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Explain Keyboard And Shortcuts



A computer keyboard is one of the primary input devices used with a computer that looks similar to those found on electric typewriters, but with some additional keys. Keyboards allow you to input letters, numbers, and other symbols into a computer that can serve as commands or be used to type text.



QWERTY keyboard layout



Keyboard Connection Types


Many keyboards are wireless, communicating with the computer via Bluetooth or an RF receiver.

Wired keyboards connect to the motherboard via a USB cable, using the USB Type A connector. Older keyboards connect via a PS/2 connection. Keyboards on laptops are of course integrated, but technically would be considered "wired" since that's how they are connected to the computer.

Tablets, phones, and other computers with touch interfaces often don't include physical keyboards. However, most do have USB receptacles or wireless technologies that allow external keyboards to be attached.

Like tablets, most modern mobile phones utilize on-screen keyboards to maximize the screen size; the keyboard can be used when needed but then that same screen space can be used for other things like watching videos. If the phone does have a keyboard, it's sometimes a slide-out, hidden keyboard that rests behind the screen. This both maximizes available screen space as well as allows for a familiar physical keyboard.

Laptops and netbooks have integrated keyboards but, like tablets, can have external keyboards attached via USB.



Keyboard Shortcuts


Though most of us use a keyboard nearly every day, there are many keys you probably don't use, or at least aren't sure why you use them. Below are some examples of keyboard buttons that can be used together to form a new function.

Modifier Keys

Some keys you should become familiar with are called modifier keys. You'll probably see some of these in the troubleshooting guides here on my site; the Control, Shift, and Alt keys are modifier keys. Mac keyboards use the Option and Command keys as modifier keys.

Unlike a normal key like a letter or a number, modifier keys modify the function of another key. The regular function of the 7 key, for example, is to input the number 7, but if you hold down the Shift and 7 keys simultaneously, the ampersand (&) sign is produced.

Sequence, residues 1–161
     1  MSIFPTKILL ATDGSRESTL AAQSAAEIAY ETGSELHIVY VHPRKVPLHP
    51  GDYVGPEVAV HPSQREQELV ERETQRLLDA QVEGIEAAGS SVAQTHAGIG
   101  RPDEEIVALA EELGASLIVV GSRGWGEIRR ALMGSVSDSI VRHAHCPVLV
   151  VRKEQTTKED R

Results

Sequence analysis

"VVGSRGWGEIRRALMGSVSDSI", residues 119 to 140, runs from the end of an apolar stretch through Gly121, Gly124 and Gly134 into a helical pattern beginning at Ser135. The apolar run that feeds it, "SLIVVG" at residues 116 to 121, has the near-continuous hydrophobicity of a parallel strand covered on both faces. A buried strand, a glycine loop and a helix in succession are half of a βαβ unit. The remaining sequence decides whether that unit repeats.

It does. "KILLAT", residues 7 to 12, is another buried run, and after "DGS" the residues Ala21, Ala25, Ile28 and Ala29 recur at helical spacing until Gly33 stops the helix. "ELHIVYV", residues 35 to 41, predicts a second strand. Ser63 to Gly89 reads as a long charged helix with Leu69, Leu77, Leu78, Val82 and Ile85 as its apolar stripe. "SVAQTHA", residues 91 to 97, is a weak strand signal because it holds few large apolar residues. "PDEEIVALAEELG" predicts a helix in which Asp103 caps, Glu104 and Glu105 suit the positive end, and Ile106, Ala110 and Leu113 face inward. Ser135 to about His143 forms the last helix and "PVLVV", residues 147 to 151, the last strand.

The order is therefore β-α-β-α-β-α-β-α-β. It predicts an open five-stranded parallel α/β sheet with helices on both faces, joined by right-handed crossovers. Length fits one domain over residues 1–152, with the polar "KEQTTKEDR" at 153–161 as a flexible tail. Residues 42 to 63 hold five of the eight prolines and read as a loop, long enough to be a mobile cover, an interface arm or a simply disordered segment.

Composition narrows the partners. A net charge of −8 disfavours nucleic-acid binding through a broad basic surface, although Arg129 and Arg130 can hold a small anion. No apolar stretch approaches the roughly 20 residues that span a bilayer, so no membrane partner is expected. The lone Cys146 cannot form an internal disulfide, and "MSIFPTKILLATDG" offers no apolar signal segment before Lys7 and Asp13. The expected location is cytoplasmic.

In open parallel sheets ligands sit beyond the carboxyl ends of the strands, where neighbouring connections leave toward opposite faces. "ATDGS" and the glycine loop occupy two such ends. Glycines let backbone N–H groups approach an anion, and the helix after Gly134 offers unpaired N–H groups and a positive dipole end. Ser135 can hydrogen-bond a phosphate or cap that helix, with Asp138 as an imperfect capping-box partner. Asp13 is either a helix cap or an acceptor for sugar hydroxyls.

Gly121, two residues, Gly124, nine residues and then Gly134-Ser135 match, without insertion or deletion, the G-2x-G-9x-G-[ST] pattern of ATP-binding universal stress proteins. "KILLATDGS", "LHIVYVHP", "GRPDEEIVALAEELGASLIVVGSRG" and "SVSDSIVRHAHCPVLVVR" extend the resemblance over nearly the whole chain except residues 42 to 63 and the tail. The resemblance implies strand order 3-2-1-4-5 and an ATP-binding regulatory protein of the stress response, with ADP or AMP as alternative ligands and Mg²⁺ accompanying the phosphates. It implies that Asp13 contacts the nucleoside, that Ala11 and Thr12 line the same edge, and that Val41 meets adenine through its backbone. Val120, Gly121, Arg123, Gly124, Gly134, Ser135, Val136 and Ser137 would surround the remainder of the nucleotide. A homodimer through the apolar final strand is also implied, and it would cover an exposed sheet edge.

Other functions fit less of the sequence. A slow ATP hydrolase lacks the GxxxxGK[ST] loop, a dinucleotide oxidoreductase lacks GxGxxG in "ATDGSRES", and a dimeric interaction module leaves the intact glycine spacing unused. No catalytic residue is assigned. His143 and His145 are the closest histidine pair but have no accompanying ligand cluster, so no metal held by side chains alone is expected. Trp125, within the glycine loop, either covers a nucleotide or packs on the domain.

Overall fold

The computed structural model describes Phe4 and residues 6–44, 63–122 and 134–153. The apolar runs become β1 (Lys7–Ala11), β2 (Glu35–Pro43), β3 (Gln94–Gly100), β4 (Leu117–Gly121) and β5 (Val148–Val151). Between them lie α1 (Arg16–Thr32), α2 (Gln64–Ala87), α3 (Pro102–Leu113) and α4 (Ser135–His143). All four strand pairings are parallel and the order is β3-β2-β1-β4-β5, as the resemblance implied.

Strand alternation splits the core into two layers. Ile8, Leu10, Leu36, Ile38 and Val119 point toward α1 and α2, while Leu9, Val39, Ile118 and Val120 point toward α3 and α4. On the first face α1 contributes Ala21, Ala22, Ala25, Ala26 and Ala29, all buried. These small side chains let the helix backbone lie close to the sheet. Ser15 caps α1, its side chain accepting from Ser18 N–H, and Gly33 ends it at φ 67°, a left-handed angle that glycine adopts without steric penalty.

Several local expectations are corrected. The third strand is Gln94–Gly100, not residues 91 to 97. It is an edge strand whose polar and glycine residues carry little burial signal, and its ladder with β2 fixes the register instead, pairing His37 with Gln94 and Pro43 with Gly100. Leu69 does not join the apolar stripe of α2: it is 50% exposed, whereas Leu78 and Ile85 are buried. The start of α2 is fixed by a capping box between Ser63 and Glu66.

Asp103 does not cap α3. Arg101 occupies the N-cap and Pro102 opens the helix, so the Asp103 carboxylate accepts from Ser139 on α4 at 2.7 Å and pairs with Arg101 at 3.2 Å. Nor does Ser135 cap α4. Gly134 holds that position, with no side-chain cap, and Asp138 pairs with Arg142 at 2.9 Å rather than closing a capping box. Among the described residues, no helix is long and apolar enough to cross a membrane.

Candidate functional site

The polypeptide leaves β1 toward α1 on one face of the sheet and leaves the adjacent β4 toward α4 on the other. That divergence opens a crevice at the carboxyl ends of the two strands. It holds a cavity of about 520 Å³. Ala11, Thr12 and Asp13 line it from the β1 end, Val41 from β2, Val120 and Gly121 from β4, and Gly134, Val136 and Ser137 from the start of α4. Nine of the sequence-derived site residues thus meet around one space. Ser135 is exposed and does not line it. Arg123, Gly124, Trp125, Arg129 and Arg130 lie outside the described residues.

Some of the effects of a modifier key can be seen on the keyboard as keys that have two actions, like the 7 key. Keys like this have two functions where the topmost action is activated with the Shift key.

Ctrl-C is a keyboard shortcut you're probably familiar with. It's used for copying something to the clipboard so that you can use the Ctrl-V combination to paste it.

Another example of a modifier key combination is Ctrl-Alt-Del. The function of these keys isn't as obvious because the instructions for using it aren't laid out on the keyboard like the key is. This is a common example of how using modifier keys can produce an effect that none of the keys can perform on their own, independent of the others.

Alt-F4 is another keyboard shortcut. This one instantly closes down the window you're currently using. Whether you're in an Internet browser or browsing through pictures on your computer, this combination will instantly close the one you're focused on.

Windows Key

Although the common use for the Windows key (a.k.a start key, flag key, logo key) is to open the Start menu, it can be used for many different things.

The Win-D is one example of using this key to quickly show/hide the desktop. Win-E is another useful one that quickly opens Windows Explorer.

Microsoft has a large list of keyboard shortcuts for Windows for some other examples. Win+X is probably my favorite.

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